the walls around us

In Digital, Inspiration

In 2016, we live in a white-walled world.  Except for those brave color-lovers, or bold interior designers, we mostly exist in spaces with white walls, meant to provide a clean backdrop to set off our art or photographs or decor.

But growing up in the 60s and 70s, and living in historic homes, I lived in rooms adorned with wallpaper.  My bedroom in seventh grade in a 19th century house was papered in pink and silver Victorian cabbage rose wallpaper.  I would lie on the floor listening to Simon and Garfunkel, daydreaming and looking for the faces hidden in the wallpaper flowers.

Down the hall in another room were walls covered with bucking broncos and cowboys.  In a best friend’s house there were roosters and coffee pots on her kitchen walls.  In her bathroom was black and white toile depicting scenes of pastoral bliss.  A 1980s apartment kitchen sported metallic flowers so bright you had to squint.

Visiting Stawbery Banke in Portsmouth, New Hampshire this past weekend reminded me that our ancestors loved color and pattern.  Easier than hand stenciling a room, wallpaper provided a beautiful decorating solution.


willard's patent


PicMonkey Collage

The 20th century brought less formal design.

june 1943

flower painting




My favorite room was one where the layers of paper had been exposed, showing centuries of wallpaper changes.


What’s on your walls?  Show us your images on Instagram using the #viewfindersio hashtag or leave a link to your images in the comments.

Do you want to know more about vintage and modern wallpaper and wall design?.  There are some breathtaking books available, including The Wallpaper Book by Genevieve Brunet and The Papered Wall by Lesley Hoskins.  Historic New England has a searchable database of over 6,000 wallpaper and ephemera examples.  And the V&A Museum in London has an impressive collection of essays and images on every aspect of wallpaper.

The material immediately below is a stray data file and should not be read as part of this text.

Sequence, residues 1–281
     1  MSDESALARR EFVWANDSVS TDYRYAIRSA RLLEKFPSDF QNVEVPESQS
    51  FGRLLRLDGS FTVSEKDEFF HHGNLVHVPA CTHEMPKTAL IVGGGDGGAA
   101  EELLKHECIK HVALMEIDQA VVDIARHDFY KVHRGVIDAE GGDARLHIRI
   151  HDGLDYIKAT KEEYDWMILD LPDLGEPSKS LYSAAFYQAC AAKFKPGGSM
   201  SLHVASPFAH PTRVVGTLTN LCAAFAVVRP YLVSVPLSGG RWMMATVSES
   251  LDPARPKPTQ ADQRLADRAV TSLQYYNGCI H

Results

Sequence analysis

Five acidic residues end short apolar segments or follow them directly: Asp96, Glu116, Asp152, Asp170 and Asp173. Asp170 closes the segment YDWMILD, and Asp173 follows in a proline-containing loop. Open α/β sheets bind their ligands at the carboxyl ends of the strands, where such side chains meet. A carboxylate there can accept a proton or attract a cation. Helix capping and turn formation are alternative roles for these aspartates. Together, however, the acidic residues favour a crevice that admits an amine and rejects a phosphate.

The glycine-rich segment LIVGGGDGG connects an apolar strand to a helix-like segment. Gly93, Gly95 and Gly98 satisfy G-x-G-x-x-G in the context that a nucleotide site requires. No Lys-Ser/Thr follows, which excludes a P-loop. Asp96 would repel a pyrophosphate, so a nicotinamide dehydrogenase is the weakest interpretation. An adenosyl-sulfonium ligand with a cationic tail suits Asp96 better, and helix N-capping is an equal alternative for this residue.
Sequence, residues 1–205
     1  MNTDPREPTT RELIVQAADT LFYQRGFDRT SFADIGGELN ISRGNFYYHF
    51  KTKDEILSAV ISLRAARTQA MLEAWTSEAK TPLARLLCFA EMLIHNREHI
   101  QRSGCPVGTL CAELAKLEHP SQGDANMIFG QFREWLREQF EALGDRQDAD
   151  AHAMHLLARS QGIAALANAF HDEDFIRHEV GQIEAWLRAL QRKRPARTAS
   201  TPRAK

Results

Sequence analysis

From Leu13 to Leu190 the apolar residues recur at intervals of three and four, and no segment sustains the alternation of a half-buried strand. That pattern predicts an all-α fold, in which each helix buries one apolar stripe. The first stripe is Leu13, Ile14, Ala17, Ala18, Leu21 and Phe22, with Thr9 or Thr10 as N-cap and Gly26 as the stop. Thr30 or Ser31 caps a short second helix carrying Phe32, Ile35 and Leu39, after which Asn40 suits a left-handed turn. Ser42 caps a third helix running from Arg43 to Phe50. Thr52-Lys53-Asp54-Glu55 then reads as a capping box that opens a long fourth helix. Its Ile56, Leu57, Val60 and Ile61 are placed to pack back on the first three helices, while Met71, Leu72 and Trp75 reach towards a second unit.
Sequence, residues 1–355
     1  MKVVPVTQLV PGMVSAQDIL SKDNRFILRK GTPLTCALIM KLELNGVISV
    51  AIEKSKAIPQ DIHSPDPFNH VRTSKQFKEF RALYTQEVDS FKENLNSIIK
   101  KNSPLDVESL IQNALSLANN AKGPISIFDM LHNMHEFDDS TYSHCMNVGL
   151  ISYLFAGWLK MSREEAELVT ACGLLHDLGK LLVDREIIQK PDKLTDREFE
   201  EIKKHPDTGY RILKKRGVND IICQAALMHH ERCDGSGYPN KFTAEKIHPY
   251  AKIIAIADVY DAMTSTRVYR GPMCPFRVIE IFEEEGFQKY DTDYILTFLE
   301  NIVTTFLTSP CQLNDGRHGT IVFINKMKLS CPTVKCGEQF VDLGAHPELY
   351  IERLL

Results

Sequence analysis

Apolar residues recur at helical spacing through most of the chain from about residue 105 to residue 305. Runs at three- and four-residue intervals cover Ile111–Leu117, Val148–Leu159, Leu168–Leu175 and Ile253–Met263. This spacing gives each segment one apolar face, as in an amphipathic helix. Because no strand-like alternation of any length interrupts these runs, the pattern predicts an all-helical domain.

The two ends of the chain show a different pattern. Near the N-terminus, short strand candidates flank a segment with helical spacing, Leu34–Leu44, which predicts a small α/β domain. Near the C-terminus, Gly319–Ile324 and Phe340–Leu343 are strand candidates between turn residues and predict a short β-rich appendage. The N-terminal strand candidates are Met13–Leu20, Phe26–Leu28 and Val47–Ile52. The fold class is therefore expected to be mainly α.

Artist Edie Vonnegut, who lives here in Barnstable on Cape Cod, has created a whole series of paintings of her domestic goddesses using vintage wallpaper and paper plates as a jumping off point.  Check out her wallpaper artwork on her website.

Happy summer!



  1. I love the way you made the wallpaper a real part of each image, as much the subject as each object within the frame!

  2. I can’t even begin to tell you how much i love this post! I love how you showcased the various papers here! I have so many fond memories of the wallpaper in the various homes I grew up in and from my grandparents’ house. I wish I had photos of all those rooms now.

  3. Yes, wallpapers have always intrigued me too! Especially the big sunflowers in the 70s and how fascinating it was to see someone plaster it to the wall. Thanks for making me travel in time 🙂

  4. Love this post and all those interesting wallpapers. You make an excellent point about the changing fashions of interior walls. I work in a building from the 1850s, with the most stunning 19th century wallpaper replicas. I adore working there, but I have colleagues who find it dark and oppressive. On the other hand, we recently moved into a newly refurbished apartment (the work was done before we bought it), and the walls here are all white. I do tend to prefer white walls though, since I find it easier to populate them with pictures. *Blank* walls I don’t like 🙂

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